Breast Implant Illness
Breast Implant Illness
Breast Implant Illness
Breast Implant Illness
Breast Implant Illness
Breast Implant Illness

What is Breast Implant Illness?

Breast implant illness (BII) refers to a wide range of symptoms that might develop after breast augmentation or breast reconstruction surgery.

According to, BII symptoms include:

  • joint and muscle pain
  • chronic fatigue
  • breathing problems
  • gastrointestinal problems
  • sleep disturbance
  • rashes and skin problems
  • dry mouth and dry eyes
  • anxiety
  • depression
  • headaches
  • hair loss
  • memory and concentration problems

These symptoms can happen with any type of breast implant, whatever its material, shape, or texture is. They can also appear anytime after the insertion of implants, as some people immediately develop symptoms, while others get them years later.

Many of these BII symptoms are associated with autoimmune and connective tissue disorders like lupus, rheumatoid arthritis, and scleroderma. In fact, some people with BII also get diagnosed with such conditions.

That is why BII is also referred to as autoimmune/inflammatory syndrome induced by adjuvants (ASIA).

What Causes BII?

Though researchers are still studying why BII develops, there are a couple of theories in place.

One of the leading ones is the predisposition of some people to develop an immune reaction to the materials used in breast implants. It leads to inflammation, resulting in rashes, joint and muscle pain, and gastrointestinal problems.

Some studies show that tiny amounts of silicone and platinum found in breast implants can seep out of an intact shell and spread into the surrounding tissue.

Implant rupture can also cause other substances to spread within the scar tissue capsule surrounding the implant, as well as to other parts of the body. The longer the implant is in place, the higher the likelihood it ruptures. After all, some women with BII have a ruptured implant.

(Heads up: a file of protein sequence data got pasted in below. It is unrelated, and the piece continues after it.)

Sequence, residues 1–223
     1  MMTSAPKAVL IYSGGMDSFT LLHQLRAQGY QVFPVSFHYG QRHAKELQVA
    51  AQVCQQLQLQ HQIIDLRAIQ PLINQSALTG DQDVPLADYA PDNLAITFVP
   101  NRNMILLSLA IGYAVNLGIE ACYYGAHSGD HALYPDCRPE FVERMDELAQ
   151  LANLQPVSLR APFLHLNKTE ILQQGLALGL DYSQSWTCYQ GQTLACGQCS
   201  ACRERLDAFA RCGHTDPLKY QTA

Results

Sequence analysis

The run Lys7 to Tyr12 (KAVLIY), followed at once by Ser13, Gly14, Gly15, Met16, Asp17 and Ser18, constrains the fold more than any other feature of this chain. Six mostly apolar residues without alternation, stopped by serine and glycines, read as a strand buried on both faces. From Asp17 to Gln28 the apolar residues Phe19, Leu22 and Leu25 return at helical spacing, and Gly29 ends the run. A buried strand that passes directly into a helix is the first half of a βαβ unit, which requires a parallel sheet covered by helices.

Silicone polymers found in all breast implant shells may also cause the immune system to react.

Another group of researchers attributes BII to microbiological abnormalities. A study of 50 self-diagnosed BII patients revealed that 36% of them had chronic contamination upon examining their removed implants.

Two-thirds of these contaminations were caused by Propionibacterium acnes, a known pathogen for various rheumatological disorders.

Cultures also showed small amounts of Staphylococcus epidermidis, but it was present in both the BII and control groups.

Furthermore, researchers discovered that natural killer cell function becomes suppressed in the presence of an infected breast implant but returns to normal once the implant has been explanted. It supports the theory that bacterial infections most probably cause BII.

Although there was no significant difference in the proportion of saline and silicone implants in both groups, it appears that patients with BII symptoms have textured implants. These may harbor more significant amounts of bacteria.

With these findings, there is a possibility that BII can be treated or even prevented with antibiotic prophylaxis regimens. However, further studies are needed to pinpoint the exact cause.

En Bloc Capsulectomy: BII Treatment

In most cases, the best way to treat breast implant illness is to surgically remove the breast implants and the surrounding scar tissue capsules. The latter is only recommended if the capsule is abnormal since capsulectomy is not without its surgical risks.

Some plastic surgeons do “en bloc capsulectomy,” a procedure that removes the implant and capsule in one piece. It can help prevent silicone, bacterial colonies, and other substances within the capsule from escaping into the body. Removing the scar tissue capsules also reduces the risk of fluid accumulation within the area after surgery.

Another recommended procedure is total capsulectomy, which removes both the implant and capsule, but not in one bloc.

Although doctors do not recommend getting implants again after developing BII, some patients still insist on replacing the implants with a different type.

Though this may improve BII symptoms, it’s still possible to develop BII over time. After all, all implants have silicone shells that may cause the body to react to them